But one Worthing resident has raised his concerns that the system could be exploited by fraudsters.
Terry Woodjetts, of Aster Vale, West Durrington, said: “I haven’t seen any Government announcement that they acknowledge it is open to scamming, and that people should be very careful when they give out their information.
“Maybe there should be a code or something so that when the person phones, you know they are genuine.”
The Government plans to use trained teams to find people who may have coronavirus, making thousands of calls a day.
This will be complemented by a mobile phone app which is currently being trialled on the Isle of Wight.
Terry, 65, who worked in IT for 20 years before retiring, feared that scammers would fake an official NHS number – known as ‘spoofing’ – and get vulnerable people such as the elderly to divulge their personal information.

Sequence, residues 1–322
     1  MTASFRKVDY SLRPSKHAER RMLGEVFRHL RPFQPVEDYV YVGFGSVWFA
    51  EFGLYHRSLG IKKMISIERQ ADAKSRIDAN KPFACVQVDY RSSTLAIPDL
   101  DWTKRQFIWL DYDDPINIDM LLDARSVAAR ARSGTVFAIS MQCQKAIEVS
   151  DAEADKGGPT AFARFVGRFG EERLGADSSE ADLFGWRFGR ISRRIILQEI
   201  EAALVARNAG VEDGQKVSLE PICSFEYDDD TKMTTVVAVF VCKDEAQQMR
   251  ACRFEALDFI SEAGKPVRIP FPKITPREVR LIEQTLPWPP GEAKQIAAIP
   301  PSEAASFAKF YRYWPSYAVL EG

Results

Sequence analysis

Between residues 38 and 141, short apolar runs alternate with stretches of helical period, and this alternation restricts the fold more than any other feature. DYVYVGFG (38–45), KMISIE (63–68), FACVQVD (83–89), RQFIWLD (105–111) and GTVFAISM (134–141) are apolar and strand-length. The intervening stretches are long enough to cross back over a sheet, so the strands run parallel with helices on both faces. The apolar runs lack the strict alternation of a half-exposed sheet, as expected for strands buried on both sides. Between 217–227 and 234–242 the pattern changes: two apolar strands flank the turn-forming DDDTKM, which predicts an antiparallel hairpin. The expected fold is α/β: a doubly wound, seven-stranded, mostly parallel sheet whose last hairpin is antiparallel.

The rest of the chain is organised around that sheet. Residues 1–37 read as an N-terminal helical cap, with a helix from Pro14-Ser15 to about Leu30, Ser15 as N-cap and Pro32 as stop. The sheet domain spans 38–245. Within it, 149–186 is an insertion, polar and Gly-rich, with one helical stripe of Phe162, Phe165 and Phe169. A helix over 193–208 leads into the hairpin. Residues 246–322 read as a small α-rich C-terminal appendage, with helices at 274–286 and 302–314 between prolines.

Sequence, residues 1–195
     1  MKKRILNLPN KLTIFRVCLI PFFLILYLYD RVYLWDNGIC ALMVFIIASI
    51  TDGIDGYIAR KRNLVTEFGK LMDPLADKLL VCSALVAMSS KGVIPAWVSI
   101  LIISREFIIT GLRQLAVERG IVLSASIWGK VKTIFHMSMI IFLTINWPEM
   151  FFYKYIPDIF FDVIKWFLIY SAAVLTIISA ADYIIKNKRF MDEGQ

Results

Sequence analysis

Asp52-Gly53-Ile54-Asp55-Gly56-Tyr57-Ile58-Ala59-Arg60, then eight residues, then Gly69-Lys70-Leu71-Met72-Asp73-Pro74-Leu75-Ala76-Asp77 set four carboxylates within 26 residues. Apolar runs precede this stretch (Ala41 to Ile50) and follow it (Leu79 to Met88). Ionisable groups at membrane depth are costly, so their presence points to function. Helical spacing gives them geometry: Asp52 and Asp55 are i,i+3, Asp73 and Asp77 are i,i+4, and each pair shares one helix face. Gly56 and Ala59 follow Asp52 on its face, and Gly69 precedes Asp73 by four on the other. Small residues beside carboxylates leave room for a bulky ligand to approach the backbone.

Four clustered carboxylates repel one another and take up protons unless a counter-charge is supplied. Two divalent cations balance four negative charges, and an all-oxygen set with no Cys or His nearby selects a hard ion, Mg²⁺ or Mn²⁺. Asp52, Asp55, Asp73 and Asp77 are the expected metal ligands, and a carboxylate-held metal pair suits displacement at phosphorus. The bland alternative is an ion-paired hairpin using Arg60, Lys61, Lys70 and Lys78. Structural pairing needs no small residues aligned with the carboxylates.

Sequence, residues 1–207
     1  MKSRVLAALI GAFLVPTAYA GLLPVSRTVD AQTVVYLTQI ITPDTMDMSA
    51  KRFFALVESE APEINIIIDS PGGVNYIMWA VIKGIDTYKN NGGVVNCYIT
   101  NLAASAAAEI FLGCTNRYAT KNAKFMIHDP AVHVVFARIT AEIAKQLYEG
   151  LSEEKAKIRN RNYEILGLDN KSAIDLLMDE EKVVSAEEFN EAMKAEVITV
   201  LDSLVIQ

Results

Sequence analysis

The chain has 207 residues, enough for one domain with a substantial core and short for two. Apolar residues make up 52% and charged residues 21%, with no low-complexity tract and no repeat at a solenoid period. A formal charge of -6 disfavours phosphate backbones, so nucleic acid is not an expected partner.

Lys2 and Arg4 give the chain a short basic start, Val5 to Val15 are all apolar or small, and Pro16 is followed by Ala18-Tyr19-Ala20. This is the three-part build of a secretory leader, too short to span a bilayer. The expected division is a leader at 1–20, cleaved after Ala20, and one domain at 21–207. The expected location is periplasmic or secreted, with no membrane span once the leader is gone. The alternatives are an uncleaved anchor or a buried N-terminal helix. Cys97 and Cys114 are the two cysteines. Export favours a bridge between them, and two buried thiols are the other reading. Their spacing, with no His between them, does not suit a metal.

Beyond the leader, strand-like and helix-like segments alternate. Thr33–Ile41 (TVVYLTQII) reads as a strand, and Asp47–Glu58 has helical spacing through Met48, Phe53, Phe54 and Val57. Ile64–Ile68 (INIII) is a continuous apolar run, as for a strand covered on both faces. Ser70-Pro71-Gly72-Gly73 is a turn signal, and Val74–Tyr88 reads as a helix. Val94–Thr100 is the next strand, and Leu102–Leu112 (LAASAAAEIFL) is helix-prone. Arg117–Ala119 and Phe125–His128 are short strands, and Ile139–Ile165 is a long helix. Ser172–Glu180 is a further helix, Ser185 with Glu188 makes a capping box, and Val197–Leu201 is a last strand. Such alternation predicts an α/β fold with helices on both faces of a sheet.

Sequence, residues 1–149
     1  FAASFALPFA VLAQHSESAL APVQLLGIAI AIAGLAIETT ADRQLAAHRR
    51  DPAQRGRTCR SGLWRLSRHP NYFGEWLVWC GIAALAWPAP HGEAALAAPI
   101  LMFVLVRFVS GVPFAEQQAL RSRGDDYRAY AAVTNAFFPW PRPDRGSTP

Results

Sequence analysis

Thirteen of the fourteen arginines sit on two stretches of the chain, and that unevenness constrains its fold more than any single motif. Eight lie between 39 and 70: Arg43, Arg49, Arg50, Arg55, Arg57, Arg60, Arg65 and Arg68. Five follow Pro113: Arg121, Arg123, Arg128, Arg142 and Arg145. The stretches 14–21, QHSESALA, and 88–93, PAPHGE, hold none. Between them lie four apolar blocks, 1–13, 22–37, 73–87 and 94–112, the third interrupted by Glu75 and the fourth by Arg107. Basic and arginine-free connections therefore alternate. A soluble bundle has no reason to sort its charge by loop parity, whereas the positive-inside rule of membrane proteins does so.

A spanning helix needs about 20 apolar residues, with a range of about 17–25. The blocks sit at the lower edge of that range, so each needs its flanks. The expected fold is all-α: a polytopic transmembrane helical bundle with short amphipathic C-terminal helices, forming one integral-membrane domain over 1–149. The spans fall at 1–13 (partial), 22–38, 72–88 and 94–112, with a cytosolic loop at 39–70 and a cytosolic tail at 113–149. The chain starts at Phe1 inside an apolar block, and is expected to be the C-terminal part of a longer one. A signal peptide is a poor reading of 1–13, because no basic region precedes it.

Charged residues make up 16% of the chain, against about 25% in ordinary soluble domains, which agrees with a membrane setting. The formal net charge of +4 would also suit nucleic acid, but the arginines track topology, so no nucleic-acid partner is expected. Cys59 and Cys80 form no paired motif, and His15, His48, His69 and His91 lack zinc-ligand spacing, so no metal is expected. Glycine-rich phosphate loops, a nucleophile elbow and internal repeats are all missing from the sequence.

Conversely, the chairman of West Durrington Residents’ Association worried that it could make the public skeptical of genuine calls, which may in turn aid the spread of coronavirus.
Terry said he had contacted his MP, Sir Peter Bottomley, with his concerns.
Sir Peter confirmed he had passed them on to the Department of Health and Social Care (DHSC), adding: “Some of the tech magazines have shown a number of areas of concern.
“I believe the Government needs to respond positively to them.”
A DHSC spokesman said: “We have been working with the police and the National Cyber Security Centre, who have advised on measures to keep the public safe.
“Official NHS Test and Trace contact tracers will never ask you for financial details, PINs or passwords.
“They will also never visit your home.”